So I've got this macro:

import language.experimental.macros
import scala.reflect.macros.Context

class Foo
class Bar extends Foo { def launchMissiles = "launching" }

object FooExample {
  def foo: Foo = macro foo_impl
  def foo_impl(c: Context): c.Expr[Foo] =
    c.Expr[Foo](c.universe.reify(new Bar).tree)
}

I've said three times that I want foo to return a Foo, and yet I can do the following (in 2.10.0-RC3):

scala> FooExample.foo
res0: Bar = Bar@4118f8dd

scala> res0.launchMissiles
res1: String = launching

The same thing happens if I remove the type parameters on either c.Expr. If I really want to make sure that whoever's calling foo can't see that they're getting a Bar, I have to add a type ascription in the tree itself.

This is actually pretty great—it means for example that I can point a macro at a schema of some sort and create an anonymous subclass of some Vocabulary class with member methods representing terms in the vocabulary, and these will be available on the returned object.

I'd like to understand exactly what I'm doing, though, so I have a couple of questions. First, what is the return type on the foo method actually for? Is it just available for (optional) documentation? It clearly constrains the return type (e.g., I can't change it to Int in this case), and if I remove it entirely I get an error like this:

scala> FooExample.foo
<console>:8: error: type mismatch;
 found   : Bar
 required: Nothing
              FooExample.foo
                         ^

But I can change it to Any and still get a statically typed Bar when I call foo.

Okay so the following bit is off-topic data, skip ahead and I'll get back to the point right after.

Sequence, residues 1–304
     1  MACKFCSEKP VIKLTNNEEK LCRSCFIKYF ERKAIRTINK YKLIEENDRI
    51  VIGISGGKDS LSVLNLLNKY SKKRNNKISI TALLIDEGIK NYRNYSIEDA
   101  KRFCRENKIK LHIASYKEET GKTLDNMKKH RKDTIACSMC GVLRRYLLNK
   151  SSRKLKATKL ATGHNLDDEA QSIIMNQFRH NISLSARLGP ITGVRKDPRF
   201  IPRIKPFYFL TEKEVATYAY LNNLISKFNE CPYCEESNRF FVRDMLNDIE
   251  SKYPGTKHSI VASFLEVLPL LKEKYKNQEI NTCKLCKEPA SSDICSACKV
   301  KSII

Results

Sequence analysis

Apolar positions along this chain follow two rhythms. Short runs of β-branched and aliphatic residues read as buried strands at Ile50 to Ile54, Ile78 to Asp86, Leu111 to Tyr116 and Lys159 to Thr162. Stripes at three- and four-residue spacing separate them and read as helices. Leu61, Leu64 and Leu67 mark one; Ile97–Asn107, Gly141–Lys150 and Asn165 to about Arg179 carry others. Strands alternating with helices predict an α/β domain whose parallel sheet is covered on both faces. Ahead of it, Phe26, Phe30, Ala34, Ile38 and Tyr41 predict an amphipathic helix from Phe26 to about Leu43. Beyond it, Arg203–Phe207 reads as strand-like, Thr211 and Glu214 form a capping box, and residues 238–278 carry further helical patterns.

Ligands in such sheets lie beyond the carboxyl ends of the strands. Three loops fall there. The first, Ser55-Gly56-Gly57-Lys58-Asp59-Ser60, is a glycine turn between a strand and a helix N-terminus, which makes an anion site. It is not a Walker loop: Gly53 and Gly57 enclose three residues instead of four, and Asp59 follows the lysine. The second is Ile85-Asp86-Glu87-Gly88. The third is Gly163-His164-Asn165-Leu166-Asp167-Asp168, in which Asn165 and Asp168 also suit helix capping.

Second, is this behavior specified somewhere? This seems like a fairly elementary set of issues, but I haven't been able to search up a clear explanation or discussion.

  • 2
    @som-snytt: But I still would have expected the return type on foo to have the final word (although I'm also glad it doesn't). – Travis Brown Dec 2 '12 at 14:33
  • 2
    The return type annotation on FooExample.foo is very bizarre here. This is otherwise how I would expect macros to behave. – drstevens Dec 2 '12 at 15:20
  • @drstevens: Agreed. – Travis Brown Dec 2 '12 at 16:24
  • @som-snytt Could you elaborate please? What should macros be able to communicate to whom? – Eugene Burmako Dec 2 '12 at 21:11
up vote 20 down vote accepted

This behavior is underspecified but intended, though it might appear confusing. We plan to elaborate on the role of return type in macro signatures, but at the moment I feel like the flexibility is a good thing to have.

Also at times the behavior is inconsistent, e.g. when the macro is caught in the middle of type inference, its static signature will be used (i.e. Foo in your example), not the type of the actual expansion. That's because macro expansion is intentionally delayed until type inference is done (so that macro implementations get to see inferred types, not type vars). This is a trade-off and not necessarily the best one, so we're planning to revisit it soon: https://issues.scala-lang.org/browse/SI-6755.

Another problem in this department is with implicit macros. When the return type of an implicit macro is generic and needs to be inferred from the requested type of an implicit value, bad things happen. This makes it currently impossible to use macros to generate type tags: https://issues.scala-lang.org/browse/SI-5923.

  • Does this mean that it is not possible to use the actual expansion’s type in implicit search unless that search is done explicitly by the macro itself? – Roland Kuhn Dec 3 '12 at 6:43
  • 1
    Not possible right now and probably won't be possible later. Otherwise implicit search would have to eagerly expand all implicit macros in scope. Do you have a particular use case in mind? – Eugene Burmako Dec 3 '12 at 9:58
  • No, I’m just trying to form a mental picture on how things work; c.inferImplicitValue will do the trick in most cases, I think. – Roland Kuhn Dec 3 '12 at 12:35

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